Know ahead of time how you will get out if you have a fire. Develop an escape plan that includes having an alternate exit out of every room; make sure everyone in the house knows what to do and where to go once outside. Make sure you can open and get out of windows and doors. All post-HUD Standard manufactured homes are required to provide windows designed for use as secondary escape routes for the bedroom. Familiarize yourself with their operation and don’t block access to the, with headboards or the like. Immediately fix any windows that have been painted or nailed shut, doors that are stubborn or “stuck,” and locks that are difficult to operate. Security bars or grates over windows or doors should have quick-release devices installed inside, which allow you to open them in an emergency. With young ones, make a game of knowing what to do, where to meet, or who to call. Hold a fire drill twice a year to practice your plan.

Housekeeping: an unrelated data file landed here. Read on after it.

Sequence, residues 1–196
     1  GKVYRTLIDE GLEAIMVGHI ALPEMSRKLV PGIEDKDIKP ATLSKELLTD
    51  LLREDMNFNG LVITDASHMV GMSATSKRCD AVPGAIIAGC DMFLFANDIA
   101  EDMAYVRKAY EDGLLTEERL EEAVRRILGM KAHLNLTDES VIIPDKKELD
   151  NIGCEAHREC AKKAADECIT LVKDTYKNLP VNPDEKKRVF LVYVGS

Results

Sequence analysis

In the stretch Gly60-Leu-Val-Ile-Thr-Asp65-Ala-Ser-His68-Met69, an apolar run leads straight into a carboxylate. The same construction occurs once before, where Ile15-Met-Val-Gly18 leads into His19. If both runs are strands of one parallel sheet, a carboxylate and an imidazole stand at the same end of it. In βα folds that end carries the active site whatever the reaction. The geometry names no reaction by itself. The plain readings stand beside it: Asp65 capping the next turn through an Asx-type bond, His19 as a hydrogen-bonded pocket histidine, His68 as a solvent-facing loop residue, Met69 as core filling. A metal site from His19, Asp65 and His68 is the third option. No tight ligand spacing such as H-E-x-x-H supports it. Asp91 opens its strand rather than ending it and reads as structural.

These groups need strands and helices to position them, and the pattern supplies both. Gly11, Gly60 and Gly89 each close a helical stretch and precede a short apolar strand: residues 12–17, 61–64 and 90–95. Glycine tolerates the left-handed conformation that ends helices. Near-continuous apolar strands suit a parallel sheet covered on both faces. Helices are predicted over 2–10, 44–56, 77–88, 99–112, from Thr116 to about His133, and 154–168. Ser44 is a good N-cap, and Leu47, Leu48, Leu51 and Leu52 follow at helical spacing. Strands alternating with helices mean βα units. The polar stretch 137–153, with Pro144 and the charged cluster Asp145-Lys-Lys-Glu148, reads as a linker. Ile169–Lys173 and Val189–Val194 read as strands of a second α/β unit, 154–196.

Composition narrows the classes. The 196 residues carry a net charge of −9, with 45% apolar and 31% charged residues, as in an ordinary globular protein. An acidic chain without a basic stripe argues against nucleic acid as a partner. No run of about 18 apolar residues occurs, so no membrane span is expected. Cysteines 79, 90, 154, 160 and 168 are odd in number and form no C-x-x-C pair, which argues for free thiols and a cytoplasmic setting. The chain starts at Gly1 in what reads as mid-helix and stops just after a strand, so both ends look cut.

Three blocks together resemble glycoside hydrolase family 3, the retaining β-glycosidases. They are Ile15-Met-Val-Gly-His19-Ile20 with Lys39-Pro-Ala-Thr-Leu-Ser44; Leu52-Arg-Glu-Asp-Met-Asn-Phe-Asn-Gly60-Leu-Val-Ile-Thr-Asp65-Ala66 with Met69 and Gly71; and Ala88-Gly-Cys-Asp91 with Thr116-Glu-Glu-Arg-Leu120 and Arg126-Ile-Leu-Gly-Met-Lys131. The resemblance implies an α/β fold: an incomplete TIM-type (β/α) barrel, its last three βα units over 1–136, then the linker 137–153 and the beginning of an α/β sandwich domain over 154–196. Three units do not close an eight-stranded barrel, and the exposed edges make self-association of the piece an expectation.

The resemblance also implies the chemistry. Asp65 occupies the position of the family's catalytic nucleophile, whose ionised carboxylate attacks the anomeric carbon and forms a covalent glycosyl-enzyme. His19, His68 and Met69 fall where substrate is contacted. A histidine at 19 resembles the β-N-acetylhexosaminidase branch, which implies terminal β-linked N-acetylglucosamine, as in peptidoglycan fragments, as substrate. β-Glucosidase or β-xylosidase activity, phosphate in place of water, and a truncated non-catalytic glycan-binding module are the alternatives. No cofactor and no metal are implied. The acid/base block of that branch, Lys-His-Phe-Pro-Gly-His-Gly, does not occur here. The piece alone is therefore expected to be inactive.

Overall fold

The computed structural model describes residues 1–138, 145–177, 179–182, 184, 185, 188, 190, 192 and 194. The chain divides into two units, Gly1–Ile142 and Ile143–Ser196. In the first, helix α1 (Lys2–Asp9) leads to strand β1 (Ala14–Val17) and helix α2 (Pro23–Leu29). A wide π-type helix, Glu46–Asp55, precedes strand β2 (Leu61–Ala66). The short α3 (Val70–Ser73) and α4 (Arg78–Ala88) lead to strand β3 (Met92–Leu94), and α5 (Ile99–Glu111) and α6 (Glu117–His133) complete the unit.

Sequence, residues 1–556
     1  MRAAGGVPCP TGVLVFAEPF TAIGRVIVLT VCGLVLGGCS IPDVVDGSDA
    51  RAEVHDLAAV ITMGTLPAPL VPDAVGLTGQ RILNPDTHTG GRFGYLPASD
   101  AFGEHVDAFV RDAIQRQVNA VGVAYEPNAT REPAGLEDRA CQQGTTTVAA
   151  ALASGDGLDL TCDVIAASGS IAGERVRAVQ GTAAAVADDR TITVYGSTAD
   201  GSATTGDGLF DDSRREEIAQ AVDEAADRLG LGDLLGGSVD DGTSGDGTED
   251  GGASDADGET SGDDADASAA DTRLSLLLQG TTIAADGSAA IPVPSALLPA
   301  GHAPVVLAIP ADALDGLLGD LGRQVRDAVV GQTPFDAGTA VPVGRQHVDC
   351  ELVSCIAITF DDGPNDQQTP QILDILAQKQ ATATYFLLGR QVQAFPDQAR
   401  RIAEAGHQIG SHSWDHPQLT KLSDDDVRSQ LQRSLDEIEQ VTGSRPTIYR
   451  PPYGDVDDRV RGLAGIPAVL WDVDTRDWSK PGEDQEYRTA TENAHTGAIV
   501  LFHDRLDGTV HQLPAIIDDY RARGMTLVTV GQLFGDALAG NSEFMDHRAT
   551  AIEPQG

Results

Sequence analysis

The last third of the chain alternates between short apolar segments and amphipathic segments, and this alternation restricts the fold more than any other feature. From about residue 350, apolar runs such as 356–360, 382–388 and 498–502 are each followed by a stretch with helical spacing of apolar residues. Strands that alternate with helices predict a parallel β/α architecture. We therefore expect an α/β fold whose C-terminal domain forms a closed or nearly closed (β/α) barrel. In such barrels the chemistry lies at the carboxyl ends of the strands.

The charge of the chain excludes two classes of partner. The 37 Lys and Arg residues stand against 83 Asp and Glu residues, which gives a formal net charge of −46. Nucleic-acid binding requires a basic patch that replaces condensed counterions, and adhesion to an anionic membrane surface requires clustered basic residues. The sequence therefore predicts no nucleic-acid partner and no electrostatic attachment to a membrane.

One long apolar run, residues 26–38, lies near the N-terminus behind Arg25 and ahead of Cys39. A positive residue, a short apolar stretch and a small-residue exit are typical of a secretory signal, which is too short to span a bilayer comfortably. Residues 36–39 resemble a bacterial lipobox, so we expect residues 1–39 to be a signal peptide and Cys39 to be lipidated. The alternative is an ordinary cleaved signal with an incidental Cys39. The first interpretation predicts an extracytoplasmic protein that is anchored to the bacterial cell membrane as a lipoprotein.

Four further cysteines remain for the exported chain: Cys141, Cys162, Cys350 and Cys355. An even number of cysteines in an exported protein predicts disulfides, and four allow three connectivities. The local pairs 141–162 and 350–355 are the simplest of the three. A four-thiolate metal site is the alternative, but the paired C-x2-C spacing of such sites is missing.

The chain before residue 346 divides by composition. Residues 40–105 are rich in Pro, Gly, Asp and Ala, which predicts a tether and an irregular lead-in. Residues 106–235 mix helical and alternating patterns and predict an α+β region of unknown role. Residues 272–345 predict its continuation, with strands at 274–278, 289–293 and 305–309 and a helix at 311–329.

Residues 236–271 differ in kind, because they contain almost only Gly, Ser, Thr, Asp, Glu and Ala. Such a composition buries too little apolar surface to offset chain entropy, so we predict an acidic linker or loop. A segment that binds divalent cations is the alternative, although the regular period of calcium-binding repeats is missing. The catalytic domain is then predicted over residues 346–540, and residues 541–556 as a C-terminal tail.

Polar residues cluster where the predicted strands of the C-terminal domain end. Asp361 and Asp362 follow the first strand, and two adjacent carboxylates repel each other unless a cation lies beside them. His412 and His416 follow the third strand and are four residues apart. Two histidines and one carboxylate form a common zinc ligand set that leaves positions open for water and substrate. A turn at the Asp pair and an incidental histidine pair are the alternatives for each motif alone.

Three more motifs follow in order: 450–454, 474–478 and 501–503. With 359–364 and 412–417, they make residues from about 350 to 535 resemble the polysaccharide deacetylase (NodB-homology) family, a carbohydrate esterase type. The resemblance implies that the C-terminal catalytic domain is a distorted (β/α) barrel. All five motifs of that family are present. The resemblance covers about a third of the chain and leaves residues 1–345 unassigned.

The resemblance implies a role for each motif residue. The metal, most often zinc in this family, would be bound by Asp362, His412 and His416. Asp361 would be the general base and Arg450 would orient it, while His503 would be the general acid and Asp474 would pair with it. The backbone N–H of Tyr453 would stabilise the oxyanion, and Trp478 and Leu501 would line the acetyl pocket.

Unattended cooking is the leading cause of cooking fires in U.S. homes. Supervise older children who cook and stay in the kitchen when heating anything on the stove. Keep cooking surfaces clean and place anything that can burn well away from the range. Heat oil slowly and know how to slide a lid over a pan if you experience a grease fire.

Keep space heaters at least three feet away from anything that can burn. When purchasing new space heaters, select appliances with automatic shut-off switches. Turn off portable space heaters before falling asleep or when leaving the room. Supervise children and pets when space heaters are operating.

If you have smokers in your home, ask them to smoke outside. Wherever people smoke, set out large, non-tip ashtrays on level surfaces and empty them frequently. Thoroughly douse butts with water before discarding.

Combustible Material Storage